- The questions from all the tests are out there
- “What about the answers to the Google AdWords, Analytics, and Bing Ads exam questions?” Well, that’s another story
- If you really, really, want to consult those sites and their answers, go with the following:
- In the end, if you need the sites to help you with free Google certification tests, you’re going to be clueless when you actually get to spend a budget
There’s a fun debate out in the AdWords community as to whether or not anyone needs to take the Google Analytics & AdWords certification exams (and, yes, Bing Ads, too). There’s no discount for being certified. Studying the Google and Bing tutorials doesn’t provide much in the way of a real strategy, be it branding, direct response, remarketing, or mobile. The platforms’ tutorial lessons read like dampened stereo instructions. “Here’s how the…gurgle-gurgle…tools work…gulp.”
To me, I still lean towards recommending being certified. It helps you keep apprised to all the tools and their latest updates. It also is the first step into getting your company to qualify in Google Partners, where there’s 25,000+ members and at least 45 of them that are great to talk to. I consider it continuing education.
It’s the Google Partners certification, and the occasional job offer, that probably provide the biggest incentives to pass at least the two required Google AdWords certification exams by any means.
If collection agencies are beating you down or the cell phone companies are threatening to blow up your phone, literally, and you need the AdWords certification to feed your starving newborn, below are ways you can circumnavigate & expedite your AdWords, Google Analytics, and Bing Ads certification process.
The questions from all the tests are out there
Typically, all the questions to all the tests are online on blog sites. They’re not provided by Google or Bing unless you’re taking the test. To acquire the questions in advance, affiliates, AdSense whores, and the like presumably:
- clean their computer cache
- clean the browser cache and use a browser they don’t typically use
- restrict access to their machines using PeerBlock or a like device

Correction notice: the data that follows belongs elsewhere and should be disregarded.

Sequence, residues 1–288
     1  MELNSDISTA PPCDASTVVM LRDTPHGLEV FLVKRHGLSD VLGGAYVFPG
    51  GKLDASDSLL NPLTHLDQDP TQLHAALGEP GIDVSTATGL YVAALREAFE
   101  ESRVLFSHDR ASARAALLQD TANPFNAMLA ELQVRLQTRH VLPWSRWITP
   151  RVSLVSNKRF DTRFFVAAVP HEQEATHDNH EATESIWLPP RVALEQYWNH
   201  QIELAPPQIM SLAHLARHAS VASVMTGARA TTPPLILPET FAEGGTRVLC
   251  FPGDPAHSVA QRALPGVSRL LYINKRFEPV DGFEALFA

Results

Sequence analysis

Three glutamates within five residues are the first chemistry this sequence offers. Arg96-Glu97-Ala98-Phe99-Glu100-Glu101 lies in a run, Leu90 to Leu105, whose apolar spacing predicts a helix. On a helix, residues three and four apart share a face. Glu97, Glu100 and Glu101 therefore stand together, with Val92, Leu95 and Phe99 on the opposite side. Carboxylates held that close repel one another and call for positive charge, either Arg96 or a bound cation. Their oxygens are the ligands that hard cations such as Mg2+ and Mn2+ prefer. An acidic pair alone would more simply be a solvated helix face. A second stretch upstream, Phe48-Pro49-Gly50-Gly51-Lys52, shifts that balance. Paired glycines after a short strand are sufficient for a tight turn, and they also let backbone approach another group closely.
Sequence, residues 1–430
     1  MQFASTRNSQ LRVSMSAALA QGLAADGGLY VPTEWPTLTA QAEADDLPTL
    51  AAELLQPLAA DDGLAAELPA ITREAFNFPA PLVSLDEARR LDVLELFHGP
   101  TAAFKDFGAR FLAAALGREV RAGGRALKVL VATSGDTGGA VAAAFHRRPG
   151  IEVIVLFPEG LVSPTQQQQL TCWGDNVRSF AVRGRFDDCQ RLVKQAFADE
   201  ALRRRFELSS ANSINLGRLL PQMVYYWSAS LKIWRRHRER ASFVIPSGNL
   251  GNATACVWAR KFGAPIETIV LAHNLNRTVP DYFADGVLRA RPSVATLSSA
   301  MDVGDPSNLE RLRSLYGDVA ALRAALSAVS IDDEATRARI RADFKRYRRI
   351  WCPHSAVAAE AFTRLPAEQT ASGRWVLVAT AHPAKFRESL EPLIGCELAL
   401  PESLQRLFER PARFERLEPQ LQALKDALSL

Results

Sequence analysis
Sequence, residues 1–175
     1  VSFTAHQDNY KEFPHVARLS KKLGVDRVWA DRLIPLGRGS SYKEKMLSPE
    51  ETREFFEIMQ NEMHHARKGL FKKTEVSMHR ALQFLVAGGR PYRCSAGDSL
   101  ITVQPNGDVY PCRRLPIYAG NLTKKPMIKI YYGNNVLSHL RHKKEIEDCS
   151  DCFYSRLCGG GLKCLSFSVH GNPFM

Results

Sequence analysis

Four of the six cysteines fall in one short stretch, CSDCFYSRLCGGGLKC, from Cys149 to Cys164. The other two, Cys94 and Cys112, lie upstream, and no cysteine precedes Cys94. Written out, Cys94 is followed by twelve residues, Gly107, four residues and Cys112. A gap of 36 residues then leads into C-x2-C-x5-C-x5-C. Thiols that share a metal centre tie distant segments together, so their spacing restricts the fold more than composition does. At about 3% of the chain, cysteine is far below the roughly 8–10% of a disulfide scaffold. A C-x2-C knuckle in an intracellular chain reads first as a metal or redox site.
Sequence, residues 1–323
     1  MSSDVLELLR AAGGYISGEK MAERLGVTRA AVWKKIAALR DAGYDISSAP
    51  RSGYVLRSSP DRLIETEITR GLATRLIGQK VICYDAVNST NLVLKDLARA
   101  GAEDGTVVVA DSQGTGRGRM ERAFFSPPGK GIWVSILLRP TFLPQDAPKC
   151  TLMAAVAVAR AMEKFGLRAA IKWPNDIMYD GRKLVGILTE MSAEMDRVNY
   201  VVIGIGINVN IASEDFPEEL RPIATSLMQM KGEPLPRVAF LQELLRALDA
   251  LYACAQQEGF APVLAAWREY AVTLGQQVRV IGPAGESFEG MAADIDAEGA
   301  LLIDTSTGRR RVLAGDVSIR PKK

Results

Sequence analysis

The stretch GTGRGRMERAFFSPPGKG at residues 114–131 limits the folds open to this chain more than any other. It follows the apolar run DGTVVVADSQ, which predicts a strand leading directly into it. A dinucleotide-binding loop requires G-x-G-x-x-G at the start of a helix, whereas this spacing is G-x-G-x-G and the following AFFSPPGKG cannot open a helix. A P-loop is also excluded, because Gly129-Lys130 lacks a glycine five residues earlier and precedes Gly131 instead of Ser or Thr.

- go to a coffee house in another town
- make a few new free Google Accounts
- sign up for Google Partners and Bing Ads (both are free)
- start up the tests
- and either:
- take screenshots of each test
- write the questions & answer choices down on a separate doc
- Rinse & Repeat a few times, because the questions change, typically, yearly, though always without notice
“Why would anyone do that?”
Probably to get cheap traffic from folks like y’all who are looking for the answers. In exchange, they pump you for ad views and, on occasionally, for products. There’s a chance that others do it for notes, but I’d question that.
Hell, we even found a guy who’d take the test for others. You have to be a special kind of desperate to share the credentials to your Google ID in order to let someone take a free test for you.
We’ve also found a few sites that got shut down. We think it’s because Google shuts them down due to copyright infringement. So, there’s that to consider.
“What about the answers to the Google AdWords, Analytics, and Bing Ads exam questions?” Well, that’s another story.
Here’s a few things to remember:
- Neither Google or Bing provides the answers : it would render the tests useless. They don’t even tell you what questions you got wrong after the test.
- Neither Google or Bing leaks the answers: anyone who tells you otherwise is lying to you
- If you’re not getting the answers from Google or Bing – who won’t provide anyone the answers – you’re not getting the answers:
In short, the answers aren’t out there.
If happen-chance hooks up with a once-in-a-lifetime-moment, thereby allowing the answers to be spilt online, they’ll only be relevant for a short period of time. If Google acts like Google, then they would change the questions and answers by the end of this sentence.
As for Bing, well, you might have a little more time.
“But, but, those websites publish the answers.”
If you do a quick google search for, “adwords certification exam answers” and check those websites, you’ll find that they publish answers, but not the answers. They didn’t get them from either Google or Bing. The blogger sites provide their best guess to the answers,, and from what we saw, most of the answers are what we’d pick, but they are not the answers. Don’t just assume they’re all right.